These new mental frontiers make for captivating reading, yet Kaku’s optimism and enthusiasm provides cover for what are mostly overhyped claims.
Kolbert also weaves a relatable element into the at-times heavily scientific discussion, bringing the sites of past and present extinctions vividly to life with fascinating information that will linger with readers long after they close the book. A highly significant eye-opener rich in facts and enjoyment.
Tesson’s engaging book, winner of the Prix Médicis for nonfiction and skillfully translated by Linda Coverdale, is “the journal of a hermit’s life,” one in which Tesson candidly records his rich experiences and reveals his equally illuminating self-discoveries.
Illuminating book that challenges the notion that in sport, practice matters more than innate talent.
In a honeyed dialect, the omnipresent narrator directly engages readers, ricocheting between the hilarious human and critter dramas to a riotous finale.
We really do need to be informed, and this is the place to start.
A hopeful message that a sensible marriage of business and environmental interests is in the cards, which until now has mostly been trumped by shortsightedness.
“Beautiful Boy” was a page turner, a dark fable that spoke to worried parents everywhere. “Clean” is a reference work and a manifesto, an annotated map of the same frightening territory where dragons still lurk at the edges.
... the bibliography of The World Until Yesterday is meagre. A book of great promise reads as a compendium of the obvious, ethnology by anecdote.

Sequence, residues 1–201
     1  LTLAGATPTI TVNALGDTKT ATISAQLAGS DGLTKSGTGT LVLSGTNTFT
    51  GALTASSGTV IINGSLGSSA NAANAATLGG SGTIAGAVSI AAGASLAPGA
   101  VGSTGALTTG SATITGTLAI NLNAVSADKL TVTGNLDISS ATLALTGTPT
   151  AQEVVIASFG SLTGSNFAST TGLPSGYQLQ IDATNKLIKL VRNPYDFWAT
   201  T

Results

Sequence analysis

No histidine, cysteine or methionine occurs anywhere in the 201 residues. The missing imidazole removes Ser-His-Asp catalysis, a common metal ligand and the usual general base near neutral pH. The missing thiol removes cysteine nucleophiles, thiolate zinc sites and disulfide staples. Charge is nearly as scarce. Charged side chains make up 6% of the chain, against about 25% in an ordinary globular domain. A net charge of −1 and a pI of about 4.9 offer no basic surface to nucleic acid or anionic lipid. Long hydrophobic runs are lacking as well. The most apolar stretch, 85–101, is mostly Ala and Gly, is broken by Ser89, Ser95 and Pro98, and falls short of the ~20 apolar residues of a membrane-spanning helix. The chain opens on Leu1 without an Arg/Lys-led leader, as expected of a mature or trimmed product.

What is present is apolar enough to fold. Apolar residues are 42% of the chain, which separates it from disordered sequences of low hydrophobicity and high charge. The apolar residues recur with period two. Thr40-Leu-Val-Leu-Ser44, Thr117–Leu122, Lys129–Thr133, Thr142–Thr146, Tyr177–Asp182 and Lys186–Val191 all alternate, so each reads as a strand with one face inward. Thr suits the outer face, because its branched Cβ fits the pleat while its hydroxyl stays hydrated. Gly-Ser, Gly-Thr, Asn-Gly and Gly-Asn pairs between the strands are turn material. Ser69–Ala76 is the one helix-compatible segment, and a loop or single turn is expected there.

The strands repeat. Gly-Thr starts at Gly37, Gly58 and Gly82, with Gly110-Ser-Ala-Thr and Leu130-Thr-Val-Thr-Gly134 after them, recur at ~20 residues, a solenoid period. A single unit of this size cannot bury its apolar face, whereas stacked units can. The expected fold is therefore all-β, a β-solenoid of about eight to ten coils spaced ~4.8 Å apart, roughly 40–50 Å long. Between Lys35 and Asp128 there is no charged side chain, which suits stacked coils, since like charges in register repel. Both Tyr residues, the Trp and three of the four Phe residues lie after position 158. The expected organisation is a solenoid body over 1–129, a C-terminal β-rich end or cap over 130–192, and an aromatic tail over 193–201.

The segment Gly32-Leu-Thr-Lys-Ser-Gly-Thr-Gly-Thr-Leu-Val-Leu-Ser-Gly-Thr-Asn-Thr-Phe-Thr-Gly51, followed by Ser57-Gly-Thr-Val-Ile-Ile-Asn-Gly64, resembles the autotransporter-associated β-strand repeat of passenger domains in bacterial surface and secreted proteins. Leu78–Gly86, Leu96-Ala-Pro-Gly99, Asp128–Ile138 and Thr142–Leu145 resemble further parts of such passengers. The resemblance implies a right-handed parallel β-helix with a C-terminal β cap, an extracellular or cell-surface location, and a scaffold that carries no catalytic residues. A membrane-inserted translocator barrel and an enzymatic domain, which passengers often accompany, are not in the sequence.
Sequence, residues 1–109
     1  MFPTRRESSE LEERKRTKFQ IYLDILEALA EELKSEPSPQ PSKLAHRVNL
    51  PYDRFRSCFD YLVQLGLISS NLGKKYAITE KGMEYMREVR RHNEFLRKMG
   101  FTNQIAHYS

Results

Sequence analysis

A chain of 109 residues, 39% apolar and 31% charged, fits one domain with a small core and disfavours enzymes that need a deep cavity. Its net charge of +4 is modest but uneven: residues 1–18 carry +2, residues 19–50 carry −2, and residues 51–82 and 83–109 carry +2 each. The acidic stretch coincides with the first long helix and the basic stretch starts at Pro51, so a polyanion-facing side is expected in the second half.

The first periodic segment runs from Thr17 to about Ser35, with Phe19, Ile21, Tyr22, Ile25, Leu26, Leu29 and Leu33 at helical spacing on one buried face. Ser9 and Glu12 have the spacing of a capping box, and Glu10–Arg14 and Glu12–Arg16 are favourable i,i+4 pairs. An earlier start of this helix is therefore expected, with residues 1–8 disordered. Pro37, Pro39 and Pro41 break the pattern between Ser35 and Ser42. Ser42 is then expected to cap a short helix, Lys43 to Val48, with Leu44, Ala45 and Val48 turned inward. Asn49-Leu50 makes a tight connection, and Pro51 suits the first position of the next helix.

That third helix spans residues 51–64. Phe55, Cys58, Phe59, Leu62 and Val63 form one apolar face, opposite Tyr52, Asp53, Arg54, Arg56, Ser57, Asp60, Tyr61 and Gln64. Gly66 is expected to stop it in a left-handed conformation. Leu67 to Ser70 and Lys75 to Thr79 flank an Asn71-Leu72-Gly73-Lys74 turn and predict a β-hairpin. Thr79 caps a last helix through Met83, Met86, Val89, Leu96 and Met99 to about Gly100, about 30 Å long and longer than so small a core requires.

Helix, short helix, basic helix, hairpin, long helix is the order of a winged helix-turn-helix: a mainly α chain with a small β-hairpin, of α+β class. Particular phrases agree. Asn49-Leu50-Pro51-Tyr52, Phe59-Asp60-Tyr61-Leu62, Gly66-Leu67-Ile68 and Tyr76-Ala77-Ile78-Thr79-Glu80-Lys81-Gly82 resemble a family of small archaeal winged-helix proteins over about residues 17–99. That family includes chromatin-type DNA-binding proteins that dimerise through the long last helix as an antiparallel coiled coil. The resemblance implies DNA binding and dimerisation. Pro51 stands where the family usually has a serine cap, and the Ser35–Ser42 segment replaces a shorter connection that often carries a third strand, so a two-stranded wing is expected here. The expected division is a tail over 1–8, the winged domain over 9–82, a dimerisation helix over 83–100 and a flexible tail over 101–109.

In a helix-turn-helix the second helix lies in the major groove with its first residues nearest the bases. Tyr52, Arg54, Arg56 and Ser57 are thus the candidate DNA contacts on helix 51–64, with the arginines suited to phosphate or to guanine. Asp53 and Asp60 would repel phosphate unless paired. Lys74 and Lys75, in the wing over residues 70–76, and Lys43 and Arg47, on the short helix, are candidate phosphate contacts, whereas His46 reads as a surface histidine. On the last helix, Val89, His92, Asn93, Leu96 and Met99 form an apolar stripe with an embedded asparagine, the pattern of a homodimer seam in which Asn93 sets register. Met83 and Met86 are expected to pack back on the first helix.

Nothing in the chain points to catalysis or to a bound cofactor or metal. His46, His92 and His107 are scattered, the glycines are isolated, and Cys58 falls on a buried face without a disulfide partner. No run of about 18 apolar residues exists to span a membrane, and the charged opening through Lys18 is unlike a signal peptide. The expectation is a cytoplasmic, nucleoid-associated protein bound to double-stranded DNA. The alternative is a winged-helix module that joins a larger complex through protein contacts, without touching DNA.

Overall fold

It is an uncomfortable book: not only is it the most faithfully autobiographical of Waugh's novels, it is about Waugh's own period of madness...strange and difficult genius.
A lack of understanding of the basics does not detract from the power and impact of the underlying story, which is thoroughly engrossing.
Kurzweil seems to have not read Deacon’s work (such as The Symbolic Species: The Co-evolution of Language and the Brain).
Klassen combines spare text and art to deliver no small measure of laughs in another darkly comic haberdashery whodunit.
Mr. Quammen is clearly obsessed, but his book might have been better if he had told more of the story through a smaller number of compelling scientist-characters.
The author is justly celebrated as an adventurous, audacious and influential journalist, but his historical grasp is shallow and naïve.
...inevitably, sadly defanged from its real raging, sweet power. And with her graceless writing, Wolf opens herself to ridicule on virtually every page...
Though his subject is a serious one, Mr. Kean enlivens his narrative with an appealing sense of humor.
Engaging, useful account of the similarities between humans and other animals.
A study of China's impact on the world economy neglects the country's domestic failings.
...this history of ideas about life and death underscores the eternal verities: We know everything. We know nothing. We learn. We forget. In this game of life, we go on to roll the dice once more.